New Horror Roundup

Growing up on healthy doses of 80's and 90's horror, I'm generally not a fan of modern day horror films. They're so different now. Too safe. Too bland. Too quick to turn a quick buck, and they'll do anything to ensure that they'll fill as many theater seats as possible by making them PG-13. They rarely ever go that extra mile to shock you anymore, and they seem more tailor made for the teen crowd, rather than the adult horror fan. With that being said, I tend to stay away from them, because more often than not, they're not very good. That's why I'm glad there's Redbox, where I can rent them for just $1.25.

I think studio's and producers have forgotten exactly what horror films are supposed to do. It seems like the only real aim is to label a film a "horror" film and to figure out how they can make as much money as possible. Sure that's nothing new, but it seems all the more significant now more than ever. An annoyance I also find with most of these new films is the casting of unnaturally looking attractive people. I miss the days when they used to cast regular looking people, like Charlie Brewster in the original Fright Night for example. Anyway, if you haven't seen any of these films yet, fair warning, there are minor spoilers ahead.

Lights Out:

I've seen the short film that this film is based on, but it wasn't until afterwards that I discovered that this full length feature was actually spawned from that short film. I don't know, I guess it never clicked. I know that scene from the short film is in the beginning of this one, but still, it never hit me that that was the same girl and that was the same scene. LOL.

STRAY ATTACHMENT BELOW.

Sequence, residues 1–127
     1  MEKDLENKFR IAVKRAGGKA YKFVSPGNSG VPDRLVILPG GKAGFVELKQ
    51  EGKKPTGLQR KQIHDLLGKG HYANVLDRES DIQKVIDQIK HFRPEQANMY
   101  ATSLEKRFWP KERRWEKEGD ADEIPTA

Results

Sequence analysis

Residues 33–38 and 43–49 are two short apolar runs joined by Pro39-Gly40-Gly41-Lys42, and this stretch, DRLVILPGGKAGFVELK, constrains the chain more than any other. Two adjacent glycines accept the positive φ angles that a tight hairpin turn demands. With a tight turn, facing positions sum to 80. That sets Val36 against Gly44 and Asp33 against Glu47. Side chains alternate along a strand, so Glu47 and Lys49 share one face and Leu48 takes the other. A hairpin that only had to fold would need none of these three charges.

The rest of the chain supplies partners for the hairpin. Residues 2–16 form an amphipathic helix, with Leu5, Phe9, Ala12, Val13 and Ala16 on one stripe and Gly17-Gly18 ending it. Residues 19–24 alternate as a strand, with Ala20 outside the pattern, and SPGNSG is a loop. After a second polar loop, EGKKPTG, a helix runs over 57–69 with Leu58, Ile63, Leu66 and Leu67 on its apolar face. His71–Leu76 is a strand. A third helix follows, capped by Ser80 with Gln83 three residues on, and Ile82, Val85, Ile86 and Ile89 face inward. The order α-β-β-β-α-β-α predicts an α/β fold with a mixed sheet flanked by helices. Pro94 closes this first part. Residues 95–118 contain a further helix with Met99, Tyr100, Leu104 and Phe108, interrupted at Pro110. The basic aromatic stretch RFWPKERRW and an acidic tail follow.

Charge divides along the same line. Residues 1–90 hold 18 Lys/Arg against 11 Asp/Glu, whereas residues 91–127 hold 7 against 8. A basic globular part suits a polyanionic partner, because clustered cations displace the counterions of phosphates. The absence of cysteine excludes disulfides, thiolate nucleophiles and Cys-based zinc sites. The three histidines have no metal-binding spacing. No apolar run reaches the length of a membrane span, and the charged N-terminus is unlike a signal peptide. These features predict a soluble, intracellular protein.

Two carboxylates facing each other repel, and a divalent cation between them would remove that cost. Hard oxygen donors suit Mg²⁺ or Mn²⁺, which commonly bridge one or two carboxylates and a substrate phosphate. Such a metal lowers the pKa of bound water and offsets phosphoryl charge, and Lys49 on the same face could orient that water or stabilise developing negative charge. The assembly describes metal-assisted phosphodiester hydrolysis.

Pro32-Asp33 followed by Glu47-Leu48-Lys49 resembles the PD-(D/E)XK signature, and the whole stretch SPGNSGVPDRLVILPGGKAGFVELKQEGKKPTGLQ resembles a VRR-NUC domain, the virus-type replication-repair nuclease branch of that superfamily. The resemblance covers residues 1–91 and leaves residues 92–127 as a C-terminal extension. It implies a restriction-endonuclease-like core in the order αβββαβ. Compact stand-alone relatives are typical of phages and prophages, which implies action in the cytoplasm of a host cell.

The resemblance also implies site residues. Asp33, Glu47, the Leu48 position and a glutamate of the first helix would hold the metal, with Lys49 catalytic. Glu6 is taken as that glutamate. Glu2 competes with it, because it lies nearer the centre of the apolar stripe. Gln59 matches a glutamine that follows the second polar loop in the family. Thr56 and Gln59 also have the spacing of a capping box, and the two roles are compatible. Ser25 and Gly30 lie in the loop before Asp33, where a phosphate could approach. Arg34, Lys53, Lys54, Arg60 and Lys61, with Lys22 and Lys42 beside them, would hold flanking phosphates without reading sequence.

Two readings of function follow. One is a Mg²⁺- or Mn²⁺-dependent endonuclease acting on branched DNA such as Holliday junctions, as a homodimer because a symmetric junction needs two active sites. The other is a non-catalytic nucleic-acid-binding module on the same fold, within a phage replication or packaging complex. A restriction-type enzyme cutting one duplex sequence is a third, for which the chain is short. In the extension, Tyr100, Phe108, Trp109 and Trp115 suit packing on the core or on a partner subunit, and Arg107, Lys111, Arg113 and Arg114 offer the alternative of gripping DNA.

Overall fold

Anyway, this was alright. I mean, it wasn't great or scary or anything. I felt all the actors did fairly well, with the boyfriend walking away the most likable and endearing of the bunch. The story was interesting enough, yet there were holes that were never fully explained. Like for instance, why does she use the shadows to show up at certain times virtually anywhere, and not other moments when they're trying to escape her? Why or how is she able to appear anywhere she likes, even though most of the time it's not the one person she's attached herself to? 

This is David F. Sandberg's feature film debut, who's got a list of short films under his belt before this, including that original Lights Out short. He's not the most visually interesting director, but he gets the job done, and shoots it with an even hand, which surprisingly, is one of his greatest strengths since 90% of all new horror directors think shooting fast and loose, a la shaky-cam/quick-edit, is the way to go. So in that respect, it was a bit refreshing to see a film look like it should and not like a music video or commercial. I understand this resulted in his getting the Annabelle 2 directing gig, so kudos to him for being able to successfully transition to feature horror films. 

There were elements about this that I liked, like the back story of the girl, but overall, it was pretty much exactly what I expected from a safe PG-13 teen horror film. It doesn't take any chances, and it doesn't actually scare you the way a horror film is supposed to. There are are healthy doses of jump scares, but that's pretty much it. 

Don't Breathe:

This is actually one I had been kinda looking forward to for two reasons; 1 being that it starred a favorite character actor of mine in the form of Stephen Lang, and 2 that it was written and directed by the Evil Dead remake director. Still, it's a modern day horror film, albeit an R rated one this time, so I wasn't all that ready to jump at spending $10 to go see it in a theater.